Alianna J. Maren, Ph.D., has been living in McLean for ten years, and moved to this area when the company that she co-founded selected McLean as its new headquarters. Her Ph.D. is in theoretical physical chemistry, and her scientific interests span multiple disciplines. She is a serial entrepreneur, and in 2008 left the company that she'd co-founded to focus on new passion: predicting the outcomes of complex systems; those that have many "moving and interacting parts" (such as demographics interacting with economic trends).
Dr. Maren has received four ground-breaking patents in the computer science area. (See the Patents page of www.aliannamaren.com for links.) Her life-long quest, though, has dealt with how humans can expand their potential capabilities. This involves questions such as: how smart can we be, and how can we get smarter? How capable and aware and astute can we be, and how can we improve these abilities? And of course: how long can we live, and how can we live longer?
Dr. Maren has also had a lifelong passion for teaching, and has developed new courses (including ones on "knowledge discovery" and cloud computing) and taught at area universities, including Georgetown, Marymount, and George Mason University.
Prior to moving to the McLean area, Dr. Maren was a pioneer in the computer science area of neural networks. (The android Data in Star Trek supposedly had a “neural network” brain.) Her first book was “The Handbook of Neural Computing Applications” (Academic Press, 1990).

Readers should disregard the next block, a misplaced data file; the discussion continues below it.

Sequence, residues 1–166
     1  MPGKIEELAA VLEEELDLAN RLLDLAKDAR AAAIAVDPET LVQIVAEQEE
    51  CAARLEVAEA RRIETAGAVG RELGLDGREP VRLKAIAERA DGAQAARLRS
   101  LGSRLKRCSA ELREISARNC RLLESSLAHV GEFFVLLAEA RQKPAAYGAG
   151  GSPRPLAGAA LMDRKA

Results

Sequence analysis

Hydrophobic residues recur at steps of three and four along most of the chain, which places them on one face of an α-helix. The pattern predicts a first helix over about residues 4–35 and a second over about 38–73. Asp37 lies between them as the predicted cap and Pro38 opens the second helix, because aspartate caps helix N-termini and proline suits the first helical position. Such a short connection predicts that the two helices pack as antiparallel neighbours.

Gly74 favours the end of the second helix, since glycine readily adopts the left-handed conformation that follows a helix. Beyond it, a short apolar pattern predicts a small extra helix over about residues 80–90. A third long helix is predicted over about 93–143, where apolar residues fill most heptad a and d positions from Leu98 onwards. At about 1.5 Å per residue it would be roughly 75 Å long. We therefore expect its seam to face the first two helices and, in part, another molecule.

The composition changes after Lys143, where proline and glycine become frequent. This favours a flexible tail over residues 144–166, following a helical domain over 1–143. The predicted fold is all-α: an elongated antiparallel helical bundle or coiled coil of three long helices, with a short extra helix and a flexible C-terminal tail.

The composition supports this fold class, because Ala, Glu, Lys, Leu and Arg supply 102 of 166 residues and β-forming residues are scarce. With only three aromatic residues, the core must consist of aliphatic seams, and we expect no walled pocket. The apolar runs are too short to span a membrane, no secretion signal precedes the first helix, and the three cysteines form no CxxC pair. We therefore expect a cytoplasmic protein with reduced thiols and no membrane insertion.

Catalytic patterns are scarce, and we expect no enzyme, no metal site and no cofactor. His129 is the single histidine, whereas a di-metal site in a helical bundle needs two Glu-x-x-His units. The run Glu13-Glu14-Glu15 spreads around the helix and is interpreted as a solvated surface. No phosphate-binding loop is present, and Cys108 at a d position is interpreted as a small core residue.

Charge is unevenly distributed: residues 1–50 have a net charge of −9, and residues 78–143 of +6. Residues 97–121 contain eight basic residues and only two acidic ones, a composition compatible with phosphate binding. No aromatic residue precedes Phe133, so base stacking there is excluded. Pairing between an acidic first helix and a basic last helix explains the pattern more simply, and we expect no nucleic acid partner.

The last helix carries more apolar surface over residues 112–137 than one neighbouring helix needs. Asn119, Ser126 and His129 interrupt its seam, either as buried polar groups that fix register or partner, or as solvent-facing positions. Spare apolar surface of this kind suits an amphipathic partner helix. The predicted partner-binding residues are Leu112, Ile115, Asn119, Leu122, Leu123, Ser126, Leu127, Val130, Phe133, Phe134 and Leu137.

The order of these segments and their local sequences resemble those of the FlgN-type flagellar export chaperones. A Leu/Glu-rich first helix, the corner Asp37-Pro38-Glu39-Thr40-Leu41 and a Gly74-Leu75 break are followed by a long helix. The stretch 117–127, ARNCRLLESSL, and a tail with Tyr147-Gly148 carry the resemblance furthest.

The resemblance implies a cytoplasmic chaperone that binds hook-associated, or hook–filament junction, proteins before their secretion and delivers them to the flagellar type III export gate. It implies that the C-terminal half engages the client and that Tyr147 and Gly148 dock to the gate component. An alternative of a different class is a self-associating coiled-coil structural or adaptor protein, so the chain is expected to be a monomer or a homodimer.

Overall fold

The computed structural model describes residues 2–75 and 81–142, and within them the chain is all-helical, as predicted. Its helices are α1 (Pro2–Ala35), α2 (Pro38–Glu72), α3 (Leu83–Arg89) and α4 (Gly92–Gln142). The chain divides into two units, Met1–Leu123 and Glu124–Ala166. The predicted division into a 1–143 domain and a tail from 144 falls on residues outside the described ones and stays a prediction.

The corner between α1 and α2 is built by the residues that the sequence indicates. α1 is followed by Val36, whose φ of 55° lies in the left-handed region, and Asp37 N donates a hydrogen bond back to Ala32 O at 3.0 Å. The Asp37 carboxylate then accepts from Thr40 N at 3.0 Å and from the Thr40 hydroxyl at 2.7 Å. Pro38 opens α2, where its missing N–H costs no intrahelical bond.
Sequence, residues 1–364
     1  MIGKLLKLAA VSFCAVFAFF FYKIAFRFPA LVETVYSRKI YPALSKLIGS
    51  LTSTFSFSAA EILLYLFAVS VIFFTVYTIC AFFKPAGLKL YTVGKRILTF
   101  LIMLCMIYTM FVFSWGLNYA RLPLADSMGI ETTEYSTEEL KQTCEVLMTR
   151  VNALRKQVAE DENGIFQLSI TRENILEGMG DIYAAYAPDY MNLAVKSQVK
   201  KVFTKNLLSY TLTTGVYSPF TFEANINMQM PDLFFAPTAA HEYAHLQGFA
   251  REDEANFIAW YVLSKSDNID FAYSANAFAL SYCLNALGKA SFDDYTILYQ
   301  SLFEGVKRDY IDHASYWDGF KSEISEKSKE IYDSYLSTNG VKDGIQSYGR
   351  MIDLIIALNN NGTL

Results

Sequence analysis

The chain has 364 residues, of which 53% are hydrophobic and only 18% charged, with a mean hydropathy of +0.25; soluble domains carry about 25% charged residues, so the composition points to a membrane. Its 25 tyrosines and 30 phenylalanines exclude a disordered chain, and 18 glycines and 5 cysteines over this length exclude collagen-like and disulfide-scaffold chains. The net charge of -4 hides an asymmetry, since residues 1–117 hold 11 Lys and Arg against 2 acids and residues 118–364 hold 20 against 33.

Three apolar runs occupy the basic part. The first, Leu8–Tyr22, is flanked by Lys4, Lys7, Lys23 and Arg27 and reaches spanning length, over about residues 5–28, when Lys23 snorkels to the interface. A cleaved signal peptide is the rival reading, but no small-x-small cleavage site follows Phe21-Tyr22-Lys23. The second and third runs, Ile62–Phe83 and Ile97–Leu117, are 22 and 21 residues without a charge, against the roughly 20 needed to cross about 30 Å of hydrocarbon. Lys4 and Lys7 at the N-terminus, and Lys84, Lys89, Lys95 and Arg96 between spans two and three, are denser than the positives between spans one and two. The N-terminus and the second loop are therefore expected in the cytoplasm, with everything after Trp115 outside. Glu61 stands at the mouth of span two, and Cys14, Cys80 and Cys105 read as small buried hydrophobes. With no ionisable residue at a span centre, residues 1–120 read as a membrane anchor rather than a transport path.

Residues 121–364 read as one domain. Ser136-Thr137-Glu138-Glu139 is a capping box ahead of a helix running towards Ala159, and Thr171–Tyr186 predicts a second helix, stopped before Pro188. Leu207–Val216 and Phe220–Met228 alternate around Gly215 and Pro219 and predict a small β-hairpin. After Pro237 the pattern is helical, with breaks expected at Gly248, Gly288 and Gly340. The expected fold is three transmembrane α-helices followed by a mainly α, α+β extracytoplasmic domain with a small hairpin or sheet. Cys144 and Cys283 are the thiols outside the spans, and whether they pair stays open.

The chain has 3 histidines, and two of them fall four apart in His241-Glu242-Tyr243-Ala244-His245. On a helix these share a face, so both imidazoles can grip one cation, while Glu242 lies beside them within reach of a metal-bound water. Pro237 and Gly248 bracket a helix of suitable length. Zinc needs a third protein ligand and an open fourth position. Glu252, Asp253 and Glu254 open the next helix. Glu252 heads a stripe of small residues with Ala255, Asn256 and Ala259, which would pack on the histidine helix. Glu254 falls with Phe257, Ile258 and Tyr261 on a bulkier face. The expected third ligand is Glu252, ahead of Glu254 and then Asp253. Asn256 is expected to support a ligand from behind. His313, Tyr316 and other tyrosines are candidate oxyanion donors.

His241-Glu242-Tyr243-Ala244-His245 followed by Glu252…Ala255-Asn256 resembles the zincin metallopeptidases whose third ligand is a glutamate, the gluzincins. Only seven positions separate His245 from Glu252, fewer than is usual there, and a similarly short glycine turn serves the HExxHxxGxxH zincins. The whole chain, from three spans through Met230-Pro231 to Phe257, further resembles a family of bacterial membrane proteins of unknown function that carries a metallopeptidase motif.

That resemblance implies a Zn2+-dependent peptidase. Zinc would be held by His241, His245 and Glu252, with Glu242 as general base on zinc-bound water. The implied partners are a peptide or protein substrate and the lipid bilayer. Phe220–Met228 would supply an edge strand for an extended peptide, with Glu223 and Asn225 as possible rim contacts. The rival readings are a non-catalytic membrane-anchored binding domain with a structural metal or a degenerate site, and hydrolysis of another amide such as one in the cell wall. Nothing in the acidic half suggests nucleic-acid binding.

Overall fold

While researching computer neural networks, Dr. Maren became fascinated by the neurophysiology: a complex brain system inspired her first patent in sensor fusion for the U.S. Navy.
More recently, while doing research for most recent book, “Unveiling: The Inner Journey” (www.theunveilingjourney.com), she studied neurohormonal chemistry. This added to her growing fascination with how the brain works (and how we can work with our own brains) to promote health, vitality, and long life.
For over thirty years, Dr. Maren has pursued body/mind disciplines such as yoga, T’ai Ch’i Chuan, and dance. She taught T’ai Ch’i for several years, but as her interests shifted to a more feminine art, she focused on Oriental dance (often called belly dance). She has recently reopened the Alay'nya Studio, where she teaches "esoteric belly dance" - a form of energy rejuvenation for women (www.alaynya.com).
Dr. Maren has been on the Board of Directors of The McLean Symphony for over five years. She was formerly on the Board with the Washington Academy of Sciences, and an early Board member for the International Society of Neural Networks. She's taking a hiatus from Board involvements while getting her latest company up and running.